Financial & Legal News

INSIGHT: Commission, Holiday Pay and Employment Law

  • Posted on

The Court of Appeal has handed down its decision in British Gas v Lock - an important case on the calculation of holiday pay.

Mr Lock was a salesman on a basic salary with variable commission paid in arrears. Mr Lock's commission depended not on the time worked, but the outcome of that work, i.e. sales achieved. Mr Lock could not earn commission whilst on leave, and therefore would lose income by taking it. He brought a claim for his 'lost' holiday pay after taking leave in December 2011 to January 2012.

In 2014, the European Court of Justice held that, when calculating holiday pay, Member States must ensure that a worker taking leave is paid by reference to commission payments that the worker would have earned if at work.  But the ECJ left the mechanics of working out 'how much should that be?' to the member states.

The recent decision is very technical. The issue for the Court of Appeal was whether the UK Working Time Regulations 1998 can be interpreted as including holiday pay in respect of commission, as the wording of the Employment Rights Act 1996 suggests not.  And that's right - the natural wording of the legislation says it can't.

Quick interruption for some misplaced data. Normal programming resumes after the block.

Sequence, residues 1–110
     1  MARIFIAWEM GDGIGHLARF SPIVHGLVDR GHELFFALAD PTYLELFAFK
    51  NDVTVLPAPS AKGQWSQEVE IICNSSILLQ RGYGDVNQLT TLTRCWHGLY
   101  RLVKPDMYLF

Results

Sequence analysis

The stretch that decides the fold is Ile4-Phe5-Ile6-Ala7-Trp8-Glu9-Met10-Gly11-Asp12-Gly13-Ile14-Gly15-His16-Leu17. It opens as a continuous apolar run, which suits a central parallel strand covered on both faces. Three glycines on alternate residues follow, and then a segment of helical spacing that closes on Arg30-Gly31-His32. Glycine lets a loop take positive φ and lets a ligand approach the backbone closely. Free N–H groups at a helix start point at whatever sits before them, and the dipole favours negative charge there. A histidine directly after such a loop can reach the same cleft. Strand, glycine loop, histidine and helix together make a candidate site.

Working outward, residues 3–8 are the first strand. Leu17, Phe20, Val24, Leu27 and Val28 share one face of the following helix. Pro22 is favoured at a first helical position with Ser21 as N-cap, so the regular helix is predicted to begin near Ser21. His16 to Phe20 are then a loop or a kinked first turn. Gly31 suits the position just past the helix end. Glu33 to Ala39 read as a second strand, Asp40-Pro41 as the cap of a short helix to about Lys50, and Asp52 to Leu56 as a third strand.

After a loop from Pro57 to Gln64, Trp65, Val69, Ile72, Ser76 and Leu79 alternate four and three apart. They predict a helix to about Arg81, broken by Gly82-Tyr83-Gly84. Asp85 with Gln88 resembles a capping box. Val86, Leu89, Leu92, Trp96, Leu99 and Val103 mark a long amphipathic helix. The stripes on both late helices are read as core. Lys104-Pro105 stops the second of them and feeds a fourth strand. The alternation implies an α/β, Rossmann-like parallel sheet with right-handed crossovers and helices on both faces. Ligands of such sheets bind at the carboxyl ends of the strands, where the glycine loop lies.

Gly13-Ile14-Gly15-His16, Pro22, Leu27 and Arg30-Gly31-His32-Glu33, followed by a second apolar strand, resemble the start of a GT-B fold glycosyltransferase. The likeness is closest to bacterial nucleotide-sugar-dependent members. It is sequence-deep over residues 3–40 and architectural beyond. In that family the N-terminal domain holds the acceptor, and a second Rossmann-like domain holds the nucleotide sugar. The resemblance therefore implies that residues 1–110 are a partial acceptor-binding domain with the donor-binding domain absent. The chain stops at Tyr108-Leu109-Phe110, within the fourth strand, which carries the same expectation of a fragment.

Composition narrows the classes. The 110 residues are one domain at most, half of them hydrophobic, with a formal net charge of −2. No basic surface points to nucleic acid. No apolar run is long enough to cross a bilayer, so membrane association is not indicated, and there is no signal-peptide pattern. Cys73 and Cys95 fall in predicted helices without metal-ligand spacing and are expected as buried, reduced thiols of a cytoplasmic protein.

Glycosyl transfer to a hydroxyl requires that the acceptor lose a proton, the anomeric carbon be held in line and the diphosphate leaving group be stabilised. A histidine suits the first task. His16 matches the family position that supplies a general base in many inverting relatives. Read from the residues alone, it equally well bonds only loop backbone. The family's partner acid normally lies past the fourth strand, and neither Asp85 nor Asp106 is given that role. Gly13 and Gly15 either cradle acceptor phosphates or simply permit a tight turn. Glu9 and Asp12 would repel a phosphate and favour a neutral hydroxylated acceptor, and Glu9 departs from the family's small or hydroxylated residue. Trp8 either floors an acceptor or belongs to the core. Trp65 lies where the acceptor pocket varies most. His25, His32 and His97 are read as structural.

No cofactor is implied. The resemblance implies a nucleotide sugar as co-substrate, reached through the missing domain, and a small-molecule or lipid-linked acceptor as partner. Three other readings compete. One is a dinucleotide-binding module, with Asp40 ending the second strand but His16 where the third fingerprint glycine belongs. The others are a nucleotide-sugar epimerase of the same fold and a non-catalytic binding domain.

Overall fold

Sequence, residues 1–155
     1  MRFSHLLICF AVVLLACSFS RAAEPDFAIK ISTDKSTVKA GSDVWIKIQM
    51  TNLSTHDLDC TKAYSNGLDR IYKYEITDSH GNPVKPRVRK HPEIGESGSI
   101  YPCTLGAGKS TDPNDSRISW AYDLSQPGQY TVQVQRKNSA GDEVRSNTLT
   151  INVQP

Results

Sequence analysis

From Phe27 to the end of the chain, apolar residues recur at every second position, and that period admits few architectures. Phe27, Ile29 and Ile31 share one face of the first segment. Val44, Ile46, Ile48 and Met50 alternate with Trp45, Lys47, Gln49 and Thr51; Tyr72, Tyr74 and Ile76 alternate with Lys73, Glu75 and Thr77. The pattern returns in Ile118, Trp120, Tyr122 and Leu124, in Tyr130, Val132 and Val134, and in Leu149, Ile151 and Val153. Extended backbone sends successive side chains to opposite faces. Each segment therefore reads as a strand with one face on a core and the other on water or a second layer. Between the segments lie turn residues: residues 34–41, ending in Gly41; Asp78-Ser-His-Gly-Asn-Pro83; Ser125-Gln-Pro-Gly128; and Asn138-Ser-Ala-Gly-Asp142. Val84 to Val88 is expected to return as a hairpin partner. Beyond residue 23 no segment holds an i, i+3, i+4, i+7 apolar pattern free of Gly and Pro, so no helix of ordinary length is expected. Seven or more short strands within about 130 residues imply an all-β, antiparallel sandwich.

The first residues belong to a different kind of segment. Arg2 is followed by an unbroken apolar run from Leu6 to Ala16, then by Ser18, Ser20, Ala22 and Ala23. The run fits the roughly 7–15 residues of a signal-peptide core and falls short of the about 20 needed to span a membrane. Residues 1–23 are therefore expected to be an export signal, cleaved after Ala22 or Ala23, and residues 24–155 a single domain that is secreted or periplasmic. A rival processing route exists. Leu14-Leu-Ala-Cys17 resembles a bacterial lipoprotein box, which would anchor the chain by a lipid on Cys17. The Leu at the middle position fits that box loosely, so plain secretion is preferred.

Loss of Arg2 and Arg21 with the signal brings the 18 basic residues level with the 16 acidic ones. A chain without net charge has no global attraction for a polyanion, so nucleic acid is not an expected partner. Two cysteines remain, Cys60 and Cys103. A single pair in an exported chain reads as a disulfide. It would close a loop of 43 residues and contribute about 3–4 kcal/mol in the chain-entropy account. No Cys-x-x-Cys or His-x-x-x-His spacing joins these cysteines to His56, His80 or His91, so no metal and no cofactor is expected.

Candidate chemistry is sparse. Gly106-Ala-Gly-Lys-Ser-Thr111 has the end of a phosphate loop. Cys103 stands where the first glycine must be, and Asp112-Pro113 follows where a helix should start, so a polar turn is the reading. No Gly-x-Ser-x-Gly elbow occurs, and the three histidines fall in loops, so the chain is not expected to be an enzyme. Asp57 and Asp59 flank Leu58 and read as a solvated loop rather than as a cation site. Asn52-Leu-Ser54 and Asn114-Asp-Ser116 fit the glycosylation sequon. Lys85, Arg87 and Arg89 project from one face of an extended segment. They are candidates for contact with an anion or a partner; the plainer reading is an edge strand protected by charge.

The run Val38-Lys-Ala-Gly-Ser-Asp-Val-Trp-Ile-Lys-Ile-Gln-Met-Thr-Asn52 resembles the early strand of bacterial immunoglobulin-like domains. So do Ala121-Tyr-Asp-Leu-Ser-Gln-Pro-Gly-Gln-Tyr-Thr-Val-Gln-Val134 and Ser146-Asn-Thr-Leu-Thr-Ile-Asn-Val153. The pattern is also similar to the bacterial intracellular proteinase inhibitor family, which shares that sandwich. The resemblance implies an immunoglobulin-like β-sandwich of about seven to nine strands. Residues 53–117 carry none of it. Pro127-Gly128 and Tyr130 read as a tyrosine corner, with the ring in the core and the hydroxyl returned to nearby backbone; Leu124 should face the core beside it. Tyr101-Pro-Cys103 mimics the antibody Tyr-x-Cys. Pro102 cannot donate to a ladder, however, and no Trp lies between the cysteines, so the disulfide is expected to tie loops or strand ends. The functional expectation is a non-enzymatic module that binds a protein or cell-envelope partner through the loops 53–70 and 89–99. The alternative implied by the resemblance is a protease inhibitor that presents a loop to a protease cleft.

But the Court of Appeal (as with the EAT and employment tribunal before it) got around that problem by adding a new subsection to the Working Time Regulations 1998, under the guise of statutory interpretation.

Conclusion - when calculating holiday pay, workers are entitled to be paid an amount which reflects the commission they would have earned if not on holiday.

Mr Lock is entitled to have his holiday pay calculated by reference to his normal remuneration (which therefore included commission).  To achieve this, additional words needed to be written into the WTR, which is what the Employment Tribunal had done.

The Court declined to speculate as to the position of other workers – for example, the banker who receives a results-based annual bonus, or the worker who receives commission only when a particular level of turnover or profit is achieved.

Please note that the information and opinions contained in this article are not intended to be comprehensive, nor to provide legal advice. No responsibility for its accuracy or correctness is assumed by Pearson Solicitors and Financial Advisers Ltd or any of its members or employees. Professional legal advice should be obtained before taking, or refraining from taking, any action as a result of this article.

This blog was posted some time ago and its contents may now be out of date. For the latest legal position relating to these issues, get in touch with the author - or make an enquiry now.

Written by Susan Mayall


    How can we help?

    Please fill in the form and we’ll get back to you as soon as we can.